Protecting your finances
Those working overseas, particularly in the Armed Forces, may feel they will struggle to engage in legal matters. We often meet people who have managed to obtain the decree absolute (become divorced) but have failed to do anything about their finances.
They tend to that there may be no assets, or they do not need to worry about this as they have agreed with their ex-partner not to make a claim on pensions or property.
However, is important to be aware of your financial position, even when you have divorced or your civil partnership has been dissolved.
Increase in assets
If you come into any money, property or assets whether by way of inheritance, gifts, lottery wins, an upturn in the economic climate or by your own success, your former spouse/civil partner can (so long as they are not remarried) come back to the court to ask them to consider finances.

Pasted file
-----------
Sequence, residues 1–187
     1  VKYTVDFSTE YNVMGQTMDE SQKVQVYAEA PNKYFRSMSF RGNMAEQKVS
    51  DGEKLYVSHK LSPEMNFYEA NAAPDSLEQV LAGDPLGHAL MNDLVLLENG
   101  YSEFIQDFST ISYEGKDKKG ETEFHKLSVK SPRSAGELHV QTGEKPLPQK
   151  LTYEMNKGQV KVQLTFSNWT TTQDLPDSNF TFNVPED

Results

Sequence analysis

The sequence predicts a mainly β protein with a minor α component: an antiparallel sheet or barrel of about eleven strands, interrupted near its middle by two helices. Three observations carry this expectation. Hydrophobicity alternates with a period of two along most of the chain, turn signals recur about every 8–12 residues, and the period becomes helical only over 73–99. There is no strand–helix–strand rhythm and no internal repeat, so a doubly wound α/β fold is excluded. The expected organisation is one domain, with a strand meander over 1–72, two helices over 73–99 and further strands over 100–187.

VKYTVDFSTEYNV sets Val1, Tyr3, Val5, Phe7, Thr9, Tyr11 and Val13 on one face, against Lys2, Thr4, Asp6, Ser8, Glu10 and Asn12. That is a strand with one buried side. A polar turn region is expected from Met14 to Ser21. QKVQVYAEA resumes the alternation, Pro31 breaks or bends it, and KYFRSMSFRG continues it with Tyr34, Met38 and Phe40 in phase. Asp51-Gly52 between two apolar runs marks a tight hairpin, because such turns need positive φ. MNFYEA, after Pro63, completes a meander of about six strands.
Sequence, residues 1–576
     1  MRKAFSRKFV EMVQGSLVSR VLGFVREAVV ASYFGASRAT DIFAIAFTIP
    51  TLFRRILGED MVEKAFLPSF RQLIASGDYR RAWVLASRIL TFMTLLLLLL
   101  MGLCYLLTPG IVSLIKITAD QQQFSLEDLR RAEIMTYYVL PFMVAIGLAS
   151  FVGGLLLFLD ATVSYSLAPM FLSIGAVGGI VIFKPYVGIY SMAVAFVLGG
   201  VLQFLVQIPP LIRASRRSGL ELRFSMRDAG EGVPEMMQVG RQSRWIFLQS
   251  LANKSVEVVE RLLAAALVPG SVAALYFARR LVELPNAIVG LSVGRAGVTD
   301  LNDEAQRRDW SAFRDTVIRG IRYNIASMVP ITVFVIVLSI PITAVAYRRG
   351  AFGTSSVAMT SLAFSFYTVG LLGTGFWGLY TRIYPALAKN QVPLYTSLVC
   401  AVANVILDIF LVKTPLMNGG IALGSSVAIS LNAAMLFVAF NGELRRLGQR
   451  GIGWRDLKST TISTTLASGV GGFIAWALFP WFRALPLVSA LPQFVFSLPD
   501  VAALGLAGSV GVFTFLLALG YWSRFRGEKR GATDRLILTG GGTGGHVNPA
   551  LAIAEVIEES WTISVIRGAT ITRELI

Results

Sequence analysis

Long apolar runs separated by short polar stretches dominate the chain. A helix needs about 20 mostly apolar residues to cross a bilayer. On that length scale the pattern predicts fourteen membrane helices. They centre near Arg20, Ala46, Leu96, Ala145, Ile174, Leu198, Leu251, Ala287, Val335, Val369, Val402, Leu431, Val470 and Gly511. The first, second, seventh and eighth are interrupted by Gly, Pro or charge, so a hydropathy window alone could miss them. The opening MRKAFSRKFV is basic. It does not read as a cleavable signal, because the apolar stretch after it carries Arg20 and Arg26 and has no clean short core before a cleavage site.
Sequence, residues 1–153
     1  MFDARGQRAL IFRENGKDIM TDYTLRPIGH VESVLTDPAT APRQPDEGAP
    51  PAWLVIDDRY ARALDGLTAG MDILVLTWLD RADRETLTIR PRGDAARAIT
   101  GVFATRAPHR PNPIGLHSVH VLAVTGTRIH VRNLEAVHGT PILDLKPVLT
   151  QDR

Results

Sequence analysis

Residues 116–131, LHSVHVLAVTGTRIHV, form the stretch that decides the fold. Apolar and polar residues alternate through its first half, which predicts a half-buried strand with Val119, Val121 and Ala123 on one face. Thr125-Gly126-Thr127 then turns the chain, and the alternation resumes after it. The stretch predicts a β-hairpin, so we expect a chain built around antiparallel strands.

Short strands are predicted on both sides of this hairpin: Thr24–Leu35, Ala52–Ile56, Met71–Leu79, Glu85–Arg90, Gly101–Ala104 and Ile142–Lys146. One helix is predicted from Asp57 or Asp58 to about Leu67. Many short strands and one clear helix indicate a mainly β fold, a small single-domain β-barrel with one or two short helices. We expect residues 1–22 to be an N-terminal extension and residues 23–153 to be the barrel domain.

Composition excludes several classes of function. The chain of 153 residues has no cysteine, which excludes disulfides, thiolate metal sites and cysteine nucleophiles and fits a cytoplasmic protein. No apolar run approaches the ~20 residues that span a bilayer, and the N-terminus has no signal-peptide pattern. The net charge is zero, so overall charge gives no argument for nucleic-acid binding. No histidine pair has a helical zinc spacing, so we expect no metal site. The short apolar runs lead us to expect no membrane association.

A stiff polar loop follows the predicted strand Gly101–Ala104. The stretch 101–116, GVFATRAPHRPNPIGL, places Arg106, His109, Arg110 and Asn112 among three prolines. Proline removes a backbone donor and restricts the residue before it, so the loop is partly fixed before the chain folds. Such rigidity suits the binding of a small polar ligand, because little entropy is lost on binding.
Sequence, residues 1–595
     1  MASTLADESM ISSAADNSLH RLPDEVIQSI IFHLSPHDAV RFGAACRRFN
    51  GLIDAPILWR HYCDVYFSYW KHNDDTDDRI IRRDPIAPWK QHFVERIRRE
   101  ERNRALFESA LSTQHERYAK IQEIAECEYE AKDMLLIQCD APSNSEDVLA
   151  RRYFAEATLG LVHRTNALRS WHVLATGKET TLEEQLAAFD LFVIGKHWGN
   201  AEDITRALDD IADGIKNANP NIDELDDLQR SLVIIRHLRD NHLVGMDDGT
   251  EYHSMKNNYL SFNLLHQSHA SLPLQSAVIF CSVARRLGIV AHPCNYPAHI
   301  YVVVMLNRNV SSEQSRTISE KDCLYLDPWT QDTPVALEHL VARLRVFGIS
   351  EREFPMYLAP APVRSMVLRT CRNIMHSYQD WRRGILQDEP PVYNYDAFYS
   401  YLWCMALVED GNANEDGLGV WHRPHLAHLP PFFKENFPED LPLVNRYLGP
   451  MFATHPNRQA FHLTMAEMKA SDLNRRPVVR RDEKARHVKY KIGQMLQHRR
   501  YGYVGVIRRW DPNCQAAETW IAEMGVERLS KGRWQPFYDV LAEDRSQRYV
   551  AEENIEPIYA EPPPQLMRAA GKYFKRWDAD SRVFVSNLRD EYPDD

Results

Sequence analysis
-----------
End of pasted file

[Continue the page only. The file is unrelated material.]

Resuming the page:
The court will consider the value of the assets at the date the case comes before them rather than at the date of separation.
For example, if you are serving in the Armed Forces and separate from a spouse, if you do not resolve your finances, they could potentially make a later claim in light of your assets increasing. This could relate particularly to your pension values.
You should also consider that you may still be financially associated with your former spouse or civil partner.
If your spouse or civil partner has an adverse credit rating, this could affect your ability to obtain credit. If your spouse or civil partner were to declare themselves bankrupt or be made bankrupt, this could affect your financial situation – particularly if you own assets jointly.
It is therefore always important to seek independent legal advice at the time of separation to ensure that you have thought about the consequences of leaving matters.
The Family Law Company offers a free initial half hour appointment, giving you the opportunity to discuss these matters.